Restricted Access

The Nature Essay

Ecocritical Explorations

Simone Schröder

The Nature Essay: Ecocritical Explorations is the first extended study of a powerful literary form born out of the traditions of Enlightenment and Romanticism. It traces the varied stylistic paradigms of the ‘nature essay’ down to the present day. Reading essays as platforms for ecological discourse, the book analyses canonical and marginalised texts, mainly from German, English and American literature. Simone Schröder argues that the essay’s environmental impact is rooted in its negotiation of scientific, poetic, spiritual, and ethical modes of perceiving nature. Together, the chapters on these four aspects form a historical panorama of the nature essay as a genre that continues to flourish in our time of ecological crisis.

Authors discussed include: Alexander von Humboldt, Henry David Thoreau, Virginia Woolf, Robert Musil, Ernst Jünger, W.G. Sebald, Kathleen Jamie, and David Foster Wallace.
Restricted Access

From Ego to Eco

Mapping Shifts from Anthropocentrism to Ecocentrism

Series:

Edited by Sabine Lenore Müller and Tina-Karen Pusse

From Ego to Eco – Mapping Shifts from Anthropocentrism to Ecocentrism investigates philosophical, political and aesthetic formations of ecocentrism. Representing a variety of disciplines and testing a broad scope of critical approaches, the contributors of this volume argue that anthropocentrism is not - as often claimed - a predominant world view but, rather, a widely contested concept. Within various historical and national contexts, the individual contributors of this book discuss the significance and relevance of ecocentrism and offer new avenues to emerging discourses in the humanities.

Contributors are: Darrell Arnold, Roman Bartosch, Aengus Daly, Gearoid Denvir, Elisabeth Jütten, Karla McManus, Sabine Lenore Müller, Maureen O’ Connor, Lillis Ó Laoire, Helen Phelan, Tina-Karen Pusse, and Christian Schmitt-Kilb.
Restricted Access

Series:

Sabine Lenore Müller and Tina-Karen Pusse

Restricted Access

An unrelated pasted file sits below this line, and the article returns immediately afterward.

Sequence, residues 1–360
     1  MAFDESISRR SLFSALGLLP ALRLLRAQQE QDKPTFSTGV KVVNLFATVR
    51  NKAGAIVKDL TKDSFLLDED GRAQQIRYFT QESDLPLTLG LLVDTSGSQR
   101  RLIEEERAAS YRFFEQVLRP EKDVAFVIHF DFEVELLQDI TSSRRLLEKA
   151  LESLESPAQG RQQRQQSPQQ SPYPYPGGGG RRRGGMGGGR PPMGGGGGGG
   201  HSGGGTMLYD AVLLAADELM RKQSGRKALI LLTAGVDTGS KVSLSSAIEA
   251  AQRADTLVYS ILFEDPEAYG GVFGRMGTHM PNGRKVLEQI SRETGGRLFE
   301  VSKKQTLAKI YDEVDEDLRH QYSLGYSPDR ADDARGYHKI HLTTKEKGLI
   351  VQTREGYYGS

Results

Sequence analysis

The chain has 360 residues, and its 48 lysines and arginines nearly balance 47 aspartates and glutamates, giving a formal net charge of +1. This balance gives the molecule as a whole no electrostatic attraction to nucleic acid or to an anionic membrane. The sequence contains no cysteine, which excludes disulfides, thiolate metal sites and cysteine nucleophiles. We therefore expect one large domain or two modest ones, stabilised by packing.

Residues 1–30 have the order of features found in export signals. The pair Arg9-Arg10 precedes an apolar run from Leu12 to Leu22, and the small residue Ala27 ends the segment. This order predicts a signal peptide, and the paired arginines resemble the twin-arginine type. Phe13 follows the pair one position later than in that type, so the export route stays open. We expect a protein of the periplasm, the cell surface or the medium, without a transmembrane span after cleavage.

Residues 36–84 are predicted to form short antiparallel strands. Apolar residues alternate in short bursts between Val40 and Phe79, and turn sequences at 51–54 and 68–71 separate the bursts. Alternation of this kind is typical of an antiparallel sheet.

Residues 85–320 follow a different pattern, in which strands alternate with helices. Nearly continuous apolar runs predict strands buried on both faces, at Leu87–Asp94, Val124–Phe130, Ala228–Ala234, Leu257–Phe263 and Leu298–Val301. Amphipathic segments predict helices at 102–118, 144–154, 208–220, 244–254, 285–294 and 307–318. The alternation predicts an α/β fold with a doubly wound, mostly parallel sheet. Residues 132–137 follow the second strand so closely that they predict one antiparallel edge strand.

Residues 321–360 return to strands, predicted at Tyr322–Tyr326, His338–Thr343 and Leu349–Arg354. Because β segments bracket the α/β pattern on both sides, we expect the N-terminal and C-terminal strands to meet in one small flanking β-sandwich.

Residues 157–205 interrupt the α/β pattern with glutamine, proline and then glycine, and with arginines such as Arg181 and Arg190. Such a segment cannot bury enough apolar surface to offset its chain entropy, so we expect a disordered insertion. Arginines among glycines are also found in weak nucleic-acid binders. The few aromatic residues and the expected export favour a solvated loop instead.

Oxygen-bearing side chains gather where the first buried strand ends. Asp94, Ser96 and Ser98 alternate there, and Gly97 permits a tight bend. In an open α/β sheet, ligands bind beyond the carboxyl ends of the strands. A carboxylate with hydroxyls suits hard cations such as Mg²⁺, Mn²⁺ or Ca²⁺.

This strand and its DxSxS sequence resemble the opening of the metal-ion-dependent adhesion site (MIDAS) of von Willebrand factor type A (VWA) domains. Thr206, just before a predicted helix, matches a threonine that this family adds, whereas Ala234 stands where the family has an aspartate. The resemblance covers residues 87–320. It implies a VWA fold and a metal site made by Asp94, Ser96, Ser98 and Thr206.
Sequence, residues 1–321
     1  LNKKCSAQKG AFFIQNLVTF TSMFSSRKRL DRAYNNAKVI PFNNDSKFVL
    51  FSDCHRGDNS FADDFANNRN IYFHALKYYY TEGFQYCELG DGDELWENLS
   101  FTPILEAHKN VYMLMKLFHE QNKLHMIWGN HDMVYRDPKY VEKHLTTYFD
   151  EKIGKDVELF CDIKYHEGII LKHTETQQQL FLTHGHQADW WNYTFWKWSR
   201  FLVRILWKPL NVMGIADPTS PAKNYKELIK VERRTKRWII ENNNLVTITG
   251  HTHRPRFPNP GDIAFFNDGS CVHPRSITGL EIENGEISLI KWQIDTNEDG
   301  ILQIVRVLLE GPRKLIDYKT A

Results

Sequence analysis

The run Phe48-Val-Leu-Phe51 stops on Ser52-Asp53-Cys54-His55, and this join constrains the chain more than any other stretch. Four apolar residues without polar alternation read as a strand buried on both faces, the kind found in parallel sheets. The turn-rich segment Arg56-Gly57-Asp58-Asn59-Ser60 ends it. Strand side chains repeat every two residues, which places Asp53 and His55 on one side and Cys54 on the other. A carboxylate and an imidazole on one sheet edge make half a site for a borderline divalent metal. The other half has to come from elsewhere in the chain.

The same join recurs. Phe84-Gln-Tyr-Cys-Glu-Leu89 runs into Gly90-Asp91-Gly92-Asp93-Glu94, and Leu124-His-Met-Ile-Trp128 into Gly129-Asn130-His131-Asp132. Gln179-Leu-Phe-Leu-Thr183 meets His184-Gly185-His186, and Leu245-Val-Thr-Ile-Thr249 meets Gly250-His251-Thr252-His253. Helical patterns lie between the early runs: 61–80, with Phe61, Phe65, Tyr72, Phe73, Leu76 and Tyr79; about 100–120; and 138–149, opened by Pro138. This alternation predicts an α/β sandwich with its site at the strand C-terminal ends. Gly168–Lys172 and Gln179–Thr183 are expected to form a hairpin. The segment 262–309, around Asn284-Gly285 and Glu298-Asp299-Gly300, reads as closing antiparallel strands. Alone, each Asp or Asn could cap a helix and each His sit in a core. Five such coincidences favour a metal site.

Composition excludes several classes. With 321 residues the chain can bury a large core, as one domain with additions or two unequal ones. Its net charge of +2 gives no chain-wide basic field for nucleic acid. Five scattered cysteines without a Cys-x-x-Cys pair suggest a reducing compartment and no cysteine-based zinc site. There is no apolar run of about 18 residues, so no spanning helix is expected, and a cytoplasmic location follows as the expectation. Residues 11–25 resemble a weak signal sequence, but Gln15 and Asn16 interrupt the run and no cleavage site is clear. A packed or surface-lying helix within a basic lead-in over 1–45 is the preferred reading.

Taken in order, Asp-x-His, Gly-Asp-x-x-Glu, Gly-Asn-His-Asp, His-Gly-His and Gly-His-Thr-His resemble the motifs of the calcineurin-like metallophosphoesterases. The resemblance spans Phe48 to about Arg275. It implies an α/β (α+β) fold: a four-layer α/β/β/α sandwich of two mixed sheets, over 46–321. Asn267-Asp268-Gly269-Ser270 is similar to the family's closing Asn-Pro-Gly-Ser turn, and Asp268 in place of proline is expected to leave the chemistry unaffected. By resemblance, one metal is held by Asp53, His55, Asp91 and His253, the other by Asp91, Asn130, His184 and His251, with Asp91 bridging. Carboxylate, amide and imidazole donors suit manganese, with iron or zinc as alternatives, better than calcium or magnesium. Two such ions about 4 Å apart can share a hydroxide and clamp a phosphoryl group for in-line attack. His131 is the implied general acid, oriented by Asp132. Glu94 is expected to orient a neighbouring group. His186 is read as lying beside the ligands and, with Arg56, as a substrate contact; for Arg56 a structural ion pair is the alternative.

Series:

Edited by Sabine Lenore Müller and Tina-Karen Pusse

Restricted Access

Series:

Edited by Sabine Lenore Müller and Tina-Karen Pusse

Restricted Access

Series:

Edited by Sabine Lenore Müller and Tina-Karen Pusse

Restricted Access

Series:

Edited by Sabine Lenore Müller and Tina-Karen Pusse

Restricted Access

Series:

Maureen O’Connor

Abstract

Using Joseph Meeker’s comic ecological aesthetic and Timothy Morton’s work on “dark ecology,” this chapter reads Irish author Patrick McGinley’s 1983 novel, Foggage, as questioning, to bleakly comic effect, the categories of nature and the natural as well as the sustainability of morality based on presumed human superiority over the nonhuman. According to Meeker, diversity and equilibrium are the evolutionary gifts aligned to a comic vision that is enabled by a truly “eco” position, one that releases us from the tragic prison of the “ego.” Morton similarly endorses a radical humility as necessary to a revised relationship to the non-human.

Restricted Access

Series:

Darrell Arnold

Abstract

While there is no guarantee that democratic forms of government will embody a green ethos, this article argues that the best hope for environmental politics is the radicalisation and greening of democracy. The article surveys alternative models of green governance—ecoauthoritarianism, expert administrative rationalism, bioregionalism, ecoanarchism—and argues that critical political ecology best addresses the need for local, regional, state, and global action that is required to provide an adequate political voice for voiceless nature. To green our democracy, action is needed within civil society and government that transcends the concerns of traditional, narrowly understood anthropocentrism.

Restricted Access

Series:

Christian Schmitt-Kilb

Abstract

The essay discusses the potential of poetry in general and ecopoetry in particular to make a political stance in a world on the brink of environmental catastrophe. Does it make sense to consider the non-instrumental and non-pragmatic characteristics of ecopoetry as an antidote to destructive forms of instrumental reasoning? Can the discourse of (eco)poetry provide a language which bridges the gap between the linguistic sign and the referent out there, between human thought and the materiality of the world? The essay argues that contemporary poems by the Scottish poets Kathleen Jamie and John Burnside fathom the “hidden resources of language” (Timothy Clark) to fundamentally question anthropocentric modes of thought.